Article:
Linked In
News In
Linked In

You are viewing your 1 complimentary article.

Register now to receive full access.

Already registered?

Login | Join us now

Morning markets: crops pause as dollar stabilises

Twitter Linkedin eCard

The rally in crop prices fuelled by strong US economic data petered out in Asian trading hours, as the dollar stabilised and the prospect remained of decent harvesting weather in the US.

Investors' renewed appetite for risk abated somewhat as investors turned to the next set of US economic data for confirmation of how far out of the woods America really is.

Friday will bring University of Michigan consumer sentiment survey for October and the Institute of Supply Management Chicago's October index for manufacturing activity.

The dollar stabilised, denying export goods such as crops the support of a cheaper currency, which makes them more competitive purchases.

While shares continued to rise, with Tokyo's Nikkei index rebounding 1.4% to close back above 10,000 points, that was a matter of playing catch up after Thursday's 2% gains on Wall Street.

EU exports flag

What news on fundamentals appeared overnight was of modest significance, in sentiment-changing terms.

Weekly data showed the European Union clearing 229,000 tonnes in wheat exports, the lowest figure since for nearly three months.

Forecasts remained pretty decent for the US corn and soybean harvests, which are running at their latest since records began in 1985, thanks largely to persistent rain.

Meterologix's forecast for the Midwest said: "Rains again slow the harvest down during the next few days, especially south and east areas.

"The outlook for next week is more promising as it looks to be mostly dry and possibly much warmer."

December wheat added 0.25 cents to $5.04 a bushel in Chicago, as of 07:40 GMT while corn lost 2 cents to $3.77 ½ a bushel.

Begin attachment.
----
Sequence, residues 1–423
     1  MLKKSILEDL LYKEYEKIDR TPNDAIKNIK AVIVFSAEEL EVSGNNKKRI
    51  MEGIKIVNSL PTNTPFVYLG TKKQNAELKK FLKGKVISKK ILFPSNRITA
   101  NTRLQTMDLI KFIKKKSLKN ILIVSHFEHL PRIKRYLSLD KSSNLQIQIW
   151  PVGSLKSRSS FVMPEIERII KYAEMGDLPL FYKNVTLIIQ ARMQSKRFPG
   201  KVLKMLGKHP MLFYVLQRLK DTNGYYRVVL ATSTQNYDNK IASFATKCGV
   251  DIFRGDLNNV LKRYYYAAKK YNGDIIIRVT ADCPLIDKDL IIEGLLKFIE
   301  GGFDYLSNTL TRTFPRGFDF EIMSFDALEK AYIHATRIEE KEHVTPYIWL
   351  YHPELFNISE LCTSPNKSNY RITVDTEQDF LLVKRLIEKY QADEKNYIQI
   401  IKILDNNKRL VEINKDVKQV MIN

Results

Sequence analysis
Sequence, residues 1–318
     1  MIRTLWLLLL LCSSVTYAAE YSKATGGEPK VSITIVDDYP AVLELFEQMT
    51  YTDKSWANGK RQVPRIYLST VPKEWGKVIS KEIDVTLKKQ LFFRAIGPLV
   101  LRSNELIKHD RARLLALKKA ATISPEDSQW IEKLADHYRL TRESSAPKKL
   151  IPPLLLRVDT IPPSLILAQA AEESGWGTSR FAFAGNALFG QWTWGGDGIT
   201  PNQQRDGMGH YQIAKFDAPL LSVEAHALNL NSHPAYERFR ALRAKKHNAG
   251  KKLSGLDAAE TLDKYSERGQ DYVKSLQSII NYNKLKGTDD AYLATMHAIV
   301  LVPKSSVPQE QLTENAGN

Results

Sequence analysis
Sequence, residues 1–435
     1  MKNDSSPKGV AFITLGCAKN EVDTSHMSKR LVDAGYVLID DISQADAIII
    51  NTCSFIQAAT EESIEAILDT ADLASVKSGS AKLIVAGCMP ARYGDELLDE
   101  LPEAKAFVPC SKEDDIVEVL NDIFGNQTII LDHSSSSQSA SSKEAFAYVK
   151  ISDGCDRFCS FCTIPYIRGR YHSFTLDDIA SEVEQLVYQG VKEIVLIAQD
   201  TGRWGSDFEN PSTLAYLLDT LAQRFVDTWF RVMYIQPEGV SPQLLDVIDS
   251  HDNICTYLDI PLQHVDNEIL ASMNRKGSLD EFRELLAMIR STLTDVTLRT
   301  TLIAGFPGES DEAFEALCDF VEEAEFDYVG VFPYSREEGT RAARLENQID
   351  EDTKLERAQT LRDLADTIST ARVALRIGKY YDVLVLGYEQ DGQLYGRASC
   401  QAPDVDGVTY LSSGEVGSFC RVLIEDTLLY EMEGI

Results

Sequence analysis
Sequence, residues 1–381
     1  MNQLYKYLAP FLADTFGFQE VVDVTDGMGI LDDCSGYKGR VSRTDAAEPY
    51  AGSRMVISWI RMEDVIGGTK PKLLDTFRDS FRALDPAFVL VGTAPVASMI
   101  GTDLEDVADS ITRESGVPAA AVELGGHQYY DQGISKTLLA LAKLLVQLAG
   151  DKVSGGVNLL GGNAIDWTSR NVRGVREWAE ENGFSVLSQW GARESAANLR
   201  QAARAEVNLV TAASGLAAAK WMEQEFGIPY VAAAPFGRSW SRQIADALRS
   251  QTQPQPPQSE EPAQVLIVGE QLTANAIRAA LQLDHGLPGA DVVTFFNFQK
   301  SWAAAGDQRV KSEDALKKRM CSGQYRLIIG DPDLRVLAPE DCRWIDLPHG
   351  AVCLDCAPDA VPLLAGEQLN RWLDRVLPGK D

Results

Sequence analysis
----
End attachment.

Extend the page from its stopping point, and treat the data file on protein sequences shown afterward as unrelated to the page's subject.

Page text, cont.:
Soybeans eased 4.75 cents to $9.80 ¾ a bushel.

Production expectations

In Kuala Lumpur, palm oil also eased, although not by much, amid lingering concerns over a rise in stocks in Malaysia, the world's second biggest producer of the vegetable oil.

According to Reuters, traders expect Malaysian exports for October to hit 1.2m tonnes, but forecast stocks rising to 1.65m tonnes thanks the rise in production which typically occurs towards the end of the calendar year.

There had been thoughts over the summer that drought stress, after last year's bumper crop, coupled with potential weather damage should El Nino strike hard would depress yields.

The benchmark January palm oil contract closing the morning session on the Bursa Malaysia Derivatives Exchange down 9 ringgit at 2,180 ringgit a tonne.


Twitter Linkedin eCard
Related Stories

Morning markets: Wheat futures stage notable rebound. Other ags less so

Downbeat US crop ratings help wheat futures to respectable revivals, after the last session’s plunge. But trade war worries slow corn, soy, cotton recoveries

Evening markets: Wheat futures plunge limit down, as funds close ag bets en masse

Hard red winter wheat tumbles 6.0% at one point, after rains refresh US crops. Argentine rains hurt soybeans too. But fund flight benefits some ags

Offers to Iraq tender underline competitiveness of Australian wheat

OK, Australian offers do not in Iraq’s tender face Black Sea rivalry. But they are in close price contention with Russian supplies anyway

Currency 'most important factor' for UK farm profitability

Andersons Farm Business Consultants highlights the role of foreign exchange in influencing farmers’ financial welfare
Home | About | RSS | Commodities | Companies | Markets | Legal disclaimer | Privacy policy | Contact

Our Brands: Comtell | Feedinfo | FGInsight

© 2017 and Agrimoney are trademarks of Agrimoney Ltd
Agrimoney is part of AgriBriefing Ltd
Agrimoney Ltd is registered in England & Wales. Registered number: 09239069